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Subject: RT: Army to stay in East Timor
Date: Wed, 01 Jul 1998 10:23:42 -0400
From: "John M. Miller" <etan@etan.org>

Indonesian army says will not leave East Timor 08:33 a.m. Jul 01, 1998 Eastern

JAKARTA, July 1 (Reuters) - The Indonesian military will not pull out of the troubled territory of East Timor because its presence is still needed there, official media quoted a senior army commander as saying on Wednesday.

``The society needs the military for protection, and not as fighting units, as well as to develop and to increase its prosperity,'' Udayana military region commander Major-General Adam R. Damiri was quoted by Antara news agency as saying.

East Timor, a Roman Catholic-dominated enclave of 800,000 people, falls in the Udayana military region.

Damiri said he hoped that East Timorese who were calling for a referendum in the territory would consider the matter in a mature way.

``We worry that a referendum would open up old wounds and we do not wish for any fighting between different groups,'' he said.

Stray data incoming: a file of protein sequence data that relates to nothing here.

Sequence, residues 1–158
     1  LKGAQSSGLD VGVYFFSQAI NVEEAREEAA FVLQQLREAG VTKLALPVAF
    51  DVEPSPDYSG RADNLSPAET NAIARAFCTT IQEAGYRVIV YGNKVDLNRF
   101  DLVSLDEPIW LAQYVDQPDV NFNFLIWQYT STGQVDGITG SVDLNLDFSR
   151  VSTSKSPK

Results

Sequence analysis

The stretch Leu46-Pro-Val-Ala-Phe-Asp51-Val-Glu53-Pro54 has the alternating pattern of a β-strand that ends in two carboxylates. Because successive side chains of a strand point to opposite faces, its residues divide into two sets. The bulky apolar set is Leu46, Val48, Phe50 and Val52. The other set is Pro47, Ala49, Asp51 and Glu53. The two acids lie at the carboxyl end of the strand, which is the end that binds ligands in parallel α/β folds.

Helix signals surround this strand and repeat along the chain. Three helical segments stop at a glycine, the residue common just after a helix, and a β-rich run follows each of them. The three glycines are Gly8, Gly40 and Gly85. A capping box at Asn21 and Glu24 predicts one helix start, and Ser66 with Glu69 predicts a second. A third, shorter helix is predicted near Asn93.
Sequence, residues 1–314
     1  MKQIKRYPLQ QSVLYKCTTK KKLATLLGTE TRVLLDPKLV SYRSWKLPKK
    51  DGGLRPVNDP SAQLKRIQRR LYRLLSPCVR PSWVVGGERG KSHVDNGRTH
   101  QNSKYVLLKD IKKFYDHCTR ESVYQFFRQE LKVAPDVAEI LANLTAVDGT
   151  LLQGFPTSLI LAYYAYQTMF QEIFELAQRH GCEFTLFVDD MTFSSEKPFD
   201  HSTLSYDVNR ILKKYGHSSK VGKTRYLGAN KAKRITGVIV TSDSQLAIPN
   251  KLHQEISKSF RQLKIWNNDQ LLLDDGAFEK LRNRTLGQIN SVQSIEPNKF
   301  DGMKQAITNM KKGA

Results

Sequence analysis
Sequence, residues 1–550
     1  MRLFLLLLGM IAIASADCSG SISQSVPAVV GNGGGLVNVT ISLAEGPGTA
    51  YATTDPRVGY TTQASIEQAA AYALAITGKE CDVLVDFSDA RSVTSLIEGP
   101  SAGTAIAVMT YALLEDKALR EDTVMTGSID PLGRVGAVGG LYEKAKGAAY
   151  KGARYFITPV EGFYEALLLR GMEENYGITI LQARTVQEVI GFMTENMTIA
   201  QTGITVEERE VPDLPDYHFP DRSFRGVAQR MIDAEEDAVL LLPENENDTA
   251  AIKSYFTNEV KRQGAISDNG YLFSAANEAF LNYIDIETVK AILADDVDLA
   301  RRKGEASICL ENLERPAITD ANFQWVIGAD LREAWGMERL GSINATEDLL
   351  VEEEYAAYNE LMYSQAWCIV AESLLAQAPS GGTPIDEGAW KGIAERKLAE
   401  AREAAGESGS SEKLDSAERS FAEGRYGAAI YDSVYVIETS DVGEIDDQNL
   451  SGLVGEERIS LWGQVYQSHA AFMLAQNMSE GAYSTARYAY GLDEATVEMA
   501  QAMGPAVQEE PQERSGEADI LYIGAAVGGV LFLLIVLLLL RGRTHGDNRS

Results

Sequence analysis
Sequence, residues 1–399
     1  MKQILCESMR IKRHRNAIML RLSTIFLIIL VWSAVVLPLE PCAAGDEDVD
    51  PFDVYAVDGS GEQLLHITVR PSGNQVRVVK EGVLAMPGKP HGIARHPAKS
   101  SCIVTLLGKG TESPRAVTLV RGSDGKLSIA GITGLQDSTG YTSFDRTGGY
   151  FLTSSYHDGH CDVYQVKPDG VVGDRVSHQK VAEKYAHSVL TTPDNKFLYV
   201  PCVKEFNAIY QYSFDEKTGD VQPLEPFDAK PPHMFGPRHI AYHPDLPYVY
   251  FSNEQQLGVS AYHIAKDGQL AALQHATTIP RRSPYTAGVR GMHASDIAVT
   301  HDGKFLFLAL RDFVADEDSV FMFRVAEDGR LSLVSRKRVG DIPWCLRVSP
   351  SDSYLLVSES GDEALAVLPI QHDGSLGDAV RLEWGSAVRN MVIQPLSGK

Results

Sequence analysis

Indonesia has faced continuous opposition to its rule in East Timor since it invaded the former Portuguese colony in 1975 and annexed it the following year in a move not recognised by the United Nations.

East Timor's charismatic religious leader, Nobel laureate Bishop Carlos Belo, has called on President B.J. Habibie to reduce the number of troops in the territory.

The president offered to give East Timor special status in June in a move designed at breaking the deadlock and working towards a resolution of the issue. The offer has been rejected by pro-independence groups who are demanding a referendum on self-determination.

Meanwhile, Foreign Minister Ali Alatas was quoted by Antara as saying on Wednesday that anti-integration protesters in East Timor were not in a majority.

``There were about 10,000-50,000 protesters but there were 800,000 other people who did not take part in the protest,'' Alatas was quoted as saying.

He said the anti-integration protesters were the most vocal and well-organised and as such, they appeared to be the most prominent.

Jakarta still faces small scale armed resistance to its rule in the territory as well as ongoing political resistance to its claim of sovereignty over the eastern half of the island just north of Australia.

On November 12, 1991, Indonesian troops opened fire on a group of demonstrators, killing 50 according to official figures. Witnesses and human rights groups say at least 200 people died.

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